Spriggs v. Georgia

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Justia Opinion Summary

Following the entry of a plea of guilty but mentally ill, Robert Spriggs, Jr. was convicted in October 2012 of murder and several other crimes and sentenced. About seven months later, Spriggs filed a motion to withdraw his plea, but the trial court dismissed his motion as untimely. After the time passed in which Spriggs might have appealed as of right from the dismissal of his motion to withdraw, Spriggs filed another motion seeking leave to take an out-of-time appeal from the dismissal of the motion to withdraw. The trial court denied that motion. Spriggs appealed the denial of his motion for leave to take an out-of-time appeal from the dismissal of his motion to withdraw. Finding no reversible error in the trial court's denials, the Supreme Court affirmed.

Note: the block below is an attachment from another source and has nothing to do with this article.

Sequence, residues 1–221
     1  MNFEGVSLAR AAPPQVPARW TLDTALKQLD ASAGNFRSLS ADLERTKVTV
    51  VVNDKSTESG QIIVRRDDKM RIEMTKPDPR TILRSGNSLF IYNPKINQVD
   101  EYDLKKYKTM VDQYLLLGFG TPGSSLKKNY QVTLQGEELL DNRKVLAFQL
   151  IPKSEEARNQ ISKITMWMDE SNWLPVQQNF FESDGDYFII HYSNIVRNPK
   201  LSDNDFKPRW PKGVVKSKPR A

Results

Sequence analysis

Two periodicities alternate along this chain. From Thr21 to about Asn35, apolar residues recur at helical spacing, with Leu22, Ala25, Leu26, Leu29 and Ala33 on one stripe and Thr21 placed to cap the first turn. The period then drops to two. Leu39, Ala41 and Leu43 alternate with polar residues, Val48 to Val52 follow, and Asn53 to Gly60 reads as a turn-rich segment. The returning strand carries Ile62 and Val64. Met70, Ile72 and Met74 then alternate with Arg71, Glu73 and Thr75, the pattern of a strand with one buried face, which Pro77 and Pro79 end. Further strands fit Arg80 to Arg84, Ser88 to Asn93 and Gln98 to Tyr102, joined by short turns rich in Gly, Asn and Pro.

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In the Supreme Court of Georgia Decided: February 16, 2015 S14A1524. SPRIGGS v. THE STATE. BLACKWELL, Justice. Following his entry of a plea of guilty but mentally ill,1 Robert Timothy Spriggs, Jr. was convicted in October 2012 of murder and several other crimes and sentenced. About seven months later, Spriggs filed a motion to withdraw his plea, but the trial court dismissed his motion as untimely. After the time passed in which Spriggs might have appealed as of right from the dismissal of his motion to withdraw, Spriggs filed another motion, this one seeking leave to take an out-of-time appeal from the dismissal of the motion to withdraw. The trial court, however, denied that motion. Spriggs now appeals from the denial of his motion for leave to take an out-of-time appeal from the dismissal of his motion to withdraw. We affirm. 1 See OCGA § 17-7-131 (g). We have recognized the right of a defendant to appeal from the refusal of a motion to withdraw a guilty plea, see Caine v. State, 266 Ga. 421, 421-422 (467 SE2d 570) (1996), and we likewise have recognized that, when the right to appeal from such a refusal is frustrated by a denial of effective assistance of counsel to which the defendant is constitutionally entitled, an out-of-time appeal is the appropriate remedy. See Carter v. Johnson, 278 Ga. 202, 205 (2) (599 SE2d 170) (2004). See also Cobb v. State, 284 Ga. 74, 74 (663 SE2d 262) (2008). The problem is, a motion to withdraw a plea of guilty must be filed in the term of court in which the defendant is sentenced, and after the expiration of that term, “the trial court lacks jurisdiction to allow the withdrawal of the plea.” Dupree v. State, 279 Ga. 613, 614 (619 SE2d 608) (2005) (citation omitted). Spriggs did not file his motion to withdraw until several terms of court after the conclusion of the term in which he was sentenced. See OCGA § 15-6-3 (33) (terms of court for Rome Judicial Circuit). As such, his motion to withdraw was an untimely one over which the trial court lacked jurisdiction, see Dupree, 279 Ga. at 614, and Spriggs was not entitled to the assistance of counsel in connection with such an untimely motion. See Barnes v. State, 293 Ga. 365, 366 (744 SE2d 795) (2013). And in any event, Spriggs cannot show that he was 2 prejudiced in any way by the allegedly ineffective assistance of his counsel as to an appeal from the dismissal of his motion to withdraw precisely because the trial court clearly did not err when it dismissed that untimely motion, see Dupree, 279 Ga. at 614, and if Spriggs had taken a timely appeal from the dismissal, the dismissal would have been affirmed. Consequently, the trial court did not err when it denied Spriggs an out-of-time appeal from the dismissal of his untimely motion to withdraw his plea. Judgment affirmed. All the Justices concur. 3